I forgot to thank again Sensei Nishizawa,
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Old 2nd January 2018, 10:51 PM   #7
maxlorenz is offline maxlorenz  Chile
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Here you are.
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Old 14th January 2018, 01:20 PM   #8
maxlorenz is offline maxlorenz  Chile
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Well, I forgot to link the article from where I derived my (incomplete) understanding about common-source output:

The Leach Amp - Output Stage

I completed the cascodying of the other channel (one pair of VFETs per channel still) in a much orderly way.
I also experimented the problem with bias current: the other channel, whose bias regulation was working quite well with a 1K pot, now only goes to 5mA. The other channel goes up to about 2mA! Vgs is around 18V for the VFETs. I am trying to understand how this is possible...I will have to try 2K pot and see if that works.
Any thoughts?
Please consult diagram of the mod above.

Anyway, the cascoded amp sounds very different than the stock amp, based on previous channel analysis on good mono recordings: stock amp sounded very crystalline and transparent but overall on the light side; the cascoded amp is DARK, has very good bass, mid-bass foundation, good bass harmonics, long decays etc (all the attributes that make people say "powerful") and good transients (even at this very low bias) and is non-aggressive, soft sounding, though I miss the crystal clear top of the stock amp. Anyway, with traditional digital sources it complements well. This class B amp sounds very much like some of my class A amps...

I attach pics about the mod. Please see the left upper corner of the complete mod. Note that I am taking signal directly from "Flat Amp" through connector "8".

When I figure out the bias problem, I will probably add the rest of the VFETs and then I will get rid of the tone control board to have space for the addition of -ECdesigns-' "charge-transfer" supply, which I try to use in all my amps. Then connectors and binding posts swap and that would be all for now, I guess...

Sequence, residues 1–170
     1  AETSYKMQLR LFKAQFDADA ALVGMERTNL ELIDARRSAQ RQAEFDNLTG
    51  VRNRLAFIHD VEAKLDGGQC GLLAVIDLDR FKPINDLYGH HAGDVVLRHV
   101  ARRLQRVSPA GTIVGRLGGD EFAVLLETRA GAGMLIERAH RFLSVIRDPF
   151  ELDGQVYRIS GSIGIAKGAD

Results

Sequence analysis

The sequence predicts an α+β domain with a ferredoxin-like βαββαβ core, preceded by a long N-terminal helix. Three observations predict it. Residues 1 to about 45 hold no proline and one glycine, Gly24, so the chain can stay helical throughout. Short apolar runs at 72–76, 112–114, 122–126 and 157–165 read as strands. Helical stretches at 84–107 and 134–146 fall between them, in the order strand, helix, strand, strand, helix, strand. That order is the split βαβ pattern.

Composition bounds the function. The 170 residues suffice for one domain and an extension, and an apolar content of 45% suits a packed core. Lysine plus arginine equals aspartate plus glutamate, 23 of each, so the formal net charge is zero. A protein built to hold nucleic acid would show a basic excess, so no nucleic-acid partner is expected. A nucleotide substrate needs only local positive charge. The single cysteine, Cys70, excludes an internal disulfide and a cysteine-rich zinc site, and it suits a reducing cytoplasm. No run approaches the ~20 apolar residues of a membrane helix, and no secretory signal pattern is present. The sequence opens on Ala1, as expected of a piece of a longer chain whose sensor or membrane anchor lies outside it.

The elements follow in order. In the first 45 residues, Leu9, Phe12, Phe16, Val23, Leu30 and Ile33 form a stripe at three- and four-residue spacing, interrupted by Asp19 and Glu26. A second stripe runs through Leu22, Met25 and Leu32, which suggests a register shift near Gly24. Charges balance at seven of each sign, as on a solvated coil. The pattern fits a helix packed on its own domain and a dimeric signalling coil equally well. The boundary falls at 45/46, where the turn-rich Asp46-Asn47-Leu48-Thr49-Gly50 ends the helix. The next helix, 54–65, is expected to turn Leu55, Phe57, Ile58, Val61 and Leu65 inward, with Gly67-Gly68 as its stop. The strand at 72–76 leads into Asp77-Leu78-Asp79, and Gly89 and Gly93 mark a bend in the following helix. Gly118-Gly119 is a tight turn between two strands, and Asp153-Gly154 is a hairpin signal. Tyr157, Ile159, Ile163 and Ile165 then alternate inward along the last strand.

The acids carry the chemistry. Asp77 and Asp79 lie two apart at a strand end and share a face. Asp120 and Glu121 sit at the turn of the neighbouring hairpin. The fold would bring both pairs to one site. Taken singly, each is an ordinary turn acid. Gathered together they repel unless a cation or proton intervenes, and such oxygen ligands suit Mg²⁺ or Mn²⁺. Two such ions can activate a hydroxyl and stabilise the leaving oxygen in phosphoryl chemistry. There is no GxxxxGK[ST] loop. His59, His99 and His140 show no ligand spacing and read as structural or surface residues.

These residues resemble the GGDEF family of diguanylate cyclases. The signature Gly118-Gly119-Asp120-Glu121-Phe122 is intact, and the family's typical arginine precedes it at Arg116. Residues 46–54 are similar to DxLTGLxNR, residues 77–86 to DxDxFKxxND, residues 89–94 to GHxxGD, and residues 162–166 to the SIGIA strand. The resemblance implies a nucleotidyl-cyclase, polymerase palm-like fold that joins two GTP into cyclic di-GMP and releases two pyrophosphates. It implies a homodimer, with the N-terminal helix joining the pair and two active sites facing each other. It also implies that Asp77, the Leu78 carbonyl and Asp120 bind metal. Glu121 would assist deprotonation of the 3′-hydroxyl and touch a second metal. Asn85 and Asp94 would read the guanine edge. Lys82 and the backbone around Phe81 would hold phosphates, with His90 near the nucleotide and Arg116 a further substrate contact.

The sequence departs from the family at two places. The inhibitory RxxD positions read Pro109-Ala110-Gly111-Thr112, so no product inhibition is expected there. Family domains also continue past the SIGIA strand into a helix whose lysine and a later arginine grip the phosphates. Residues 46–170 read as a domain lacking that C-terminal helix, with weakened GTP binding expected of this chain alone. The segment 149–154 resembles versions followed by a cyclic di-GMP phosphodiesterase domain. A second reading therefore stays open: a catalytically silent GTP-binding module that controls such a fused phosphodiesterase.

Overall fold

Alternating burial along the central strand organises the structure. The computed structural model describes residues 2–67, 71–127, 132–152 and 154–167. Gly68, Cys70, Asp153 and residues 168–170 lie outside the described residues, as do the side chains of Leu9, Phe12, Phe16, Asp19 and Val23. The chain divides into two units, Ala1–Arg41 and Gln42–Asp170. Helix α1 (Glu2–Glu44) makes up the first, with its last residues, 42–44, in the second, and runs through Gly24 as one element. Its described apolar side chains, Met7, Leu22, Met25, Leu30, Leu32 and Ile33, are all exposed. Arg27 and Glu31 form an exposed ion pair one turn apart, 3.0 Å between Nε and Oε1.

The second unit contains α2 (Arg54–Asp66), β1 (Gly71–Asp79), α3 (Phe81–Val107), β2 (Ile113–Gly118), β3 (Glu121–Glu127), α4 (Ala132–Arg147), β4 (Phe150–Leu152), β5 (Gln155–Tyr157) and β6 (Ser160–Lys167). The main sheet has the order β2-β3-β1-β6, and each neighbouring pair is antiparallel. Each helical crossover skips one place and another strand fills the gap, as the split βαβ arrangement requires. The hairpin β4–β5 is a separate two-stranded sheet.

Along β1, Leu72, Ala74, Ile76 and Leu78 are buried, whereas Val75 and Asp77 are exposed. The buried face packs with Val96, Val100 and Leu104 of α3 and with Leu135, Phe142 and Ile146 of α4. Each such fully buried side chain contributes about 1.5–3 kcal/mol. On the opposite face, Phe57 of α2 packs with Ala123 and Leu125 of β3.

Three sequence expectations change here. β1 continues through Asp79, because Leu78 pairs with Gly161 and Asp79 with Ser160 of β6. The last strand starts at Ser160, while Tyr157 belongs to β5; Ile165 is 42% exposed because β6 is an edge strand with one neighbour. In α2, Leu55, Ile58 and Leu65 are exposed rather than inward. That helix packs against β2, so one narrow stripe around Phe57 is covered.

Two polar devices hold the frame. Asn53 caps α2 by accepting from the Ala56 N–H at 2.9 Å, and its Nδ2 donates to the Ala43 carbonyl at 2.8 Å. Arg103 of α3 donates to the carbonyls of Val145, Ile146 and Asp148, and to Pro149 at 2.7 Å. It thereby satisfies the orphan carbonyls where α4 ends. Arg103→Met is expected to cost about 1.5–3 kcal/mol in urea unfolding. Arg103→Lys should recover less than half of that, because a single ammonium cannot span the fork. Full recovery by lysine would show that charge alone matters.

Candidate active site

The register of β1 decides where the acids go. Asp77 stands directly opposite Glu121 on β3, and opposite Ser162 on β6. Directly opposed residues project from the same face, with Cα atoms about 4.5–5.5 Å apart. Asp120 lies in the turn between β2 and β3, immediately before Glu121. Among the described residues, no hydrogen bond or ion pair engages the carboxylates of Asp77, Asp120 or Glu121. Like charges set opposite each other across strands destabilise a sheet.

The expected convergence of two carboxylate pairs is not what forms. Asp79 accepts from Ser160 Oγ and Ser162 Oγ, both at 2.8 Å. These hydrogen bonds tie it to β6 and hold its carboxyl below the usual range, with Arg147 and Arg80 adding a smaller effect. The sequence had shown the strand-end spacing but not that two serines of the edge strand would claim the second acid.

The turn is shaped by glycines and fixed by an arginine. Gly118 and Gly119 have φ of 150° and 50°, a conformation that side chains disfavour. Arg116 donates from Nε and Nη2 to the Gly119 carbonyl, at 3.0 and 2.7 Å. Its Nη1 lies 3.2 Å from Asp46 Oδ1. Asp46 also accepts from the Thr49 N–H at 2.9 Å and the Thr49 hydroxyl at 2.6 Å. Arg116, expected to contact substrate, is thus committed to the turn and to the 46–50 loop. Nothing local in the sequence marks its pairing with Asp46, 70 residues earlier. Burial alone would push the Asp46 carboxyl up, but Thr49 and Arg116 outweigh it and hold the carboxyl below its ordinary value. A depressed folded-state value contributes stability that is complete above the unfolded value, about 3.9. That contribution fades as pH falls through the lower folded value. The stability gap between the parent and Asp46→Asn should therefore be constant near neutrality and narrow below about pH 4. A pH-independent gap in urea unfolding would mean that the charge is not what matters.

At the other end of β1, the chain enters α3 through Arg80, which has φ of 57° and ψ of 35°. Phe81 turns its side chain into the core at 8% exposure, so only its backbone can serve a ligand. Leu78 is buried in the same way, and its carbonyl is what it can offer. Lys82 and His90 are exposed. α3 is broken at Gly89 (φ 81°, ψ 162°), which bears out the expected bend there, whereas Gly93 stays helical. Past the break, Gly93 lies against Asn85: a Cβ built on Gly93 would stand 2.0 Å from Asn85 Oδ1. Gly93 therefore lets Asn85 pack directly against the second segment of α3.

At the end, I have perfectly stable, dark sounding amp.

Cheers,
M.
Attached Images
File Type: jpg CASCODED3.jpg (372.6 KB, 353 views)
File Type: jpg CASCODED5.jpg (400.2 KB, 339 views)

Last edited by maxlorenz; 14th January 2018 at 01:24 PM.
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Old 15th January 2018, 01:08 AM   #9
ilimzn is offline ilimzn  Croatia
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Completely stable dark sounding amp without proper bias?

There is nothing in the link you referenced about cascoding in output stages, especially not this type you are using (it has nothing whatsoever to do with how the TA-N7 output stage works, by the way). Additionally, because the voltage drop on the BJT is small and the cascoding action occurs within only a very small fraction of the output signal, the voltage swing on the source terminal is negligible, so that kind of cascoding does almost nothing except increase the effective negative Vgs by the voltage drop on the BJT. If it actually did work, it would provide a positive feedback via the source of the VFET. Fortunately, because the VFET has a very low gain (about 5-7) that wouldn't be much and the only effect is really the bias.

The reason you have low bias current is because the (referenced to source) negative bias voltage is now more negative than before (by the BJT voltage drop) for the same setting on the pot, plus the Vds is lower than before (also by the BJT voltage drop). Both make the bias current LOWER. In other words, it seems you do not understand how a VFET works?

Also, the reason the amp is stable may very likely be the absence of bias current. Without it, the transconductance of the output stage is very low and it's not really working around the crossover region, the drivers now have to supply this current. The higher current likely increases the transconductance of the driver stage to a point where gain-bandwidth is sufficiently higher for the compensation to work properly and the amp not to oscillate.

All that being said, if you like the sound, then your mission is a success I suppose, in an 'end justifies the means' way.

Regarding the power supply - if the +44 and +80V (and corresponding negative supplies) do not come up in the proper sequence, fuses will burn - the first couple of times. Do it enough and the VFETs will dies, and no, the BJTs will not save them. They only save them if they fail open and with overcurrent they fail short. This is the main reason why VFETs die in the N7, these BJTs are overstressed in non-obvious ways in that design but they do usually last one or two decades. However, after that... typically they will fail when testing on a curve tracer, if not just show severe degradation.

Last edited by ilimzn; 15th January 2018 at 01:25 AM.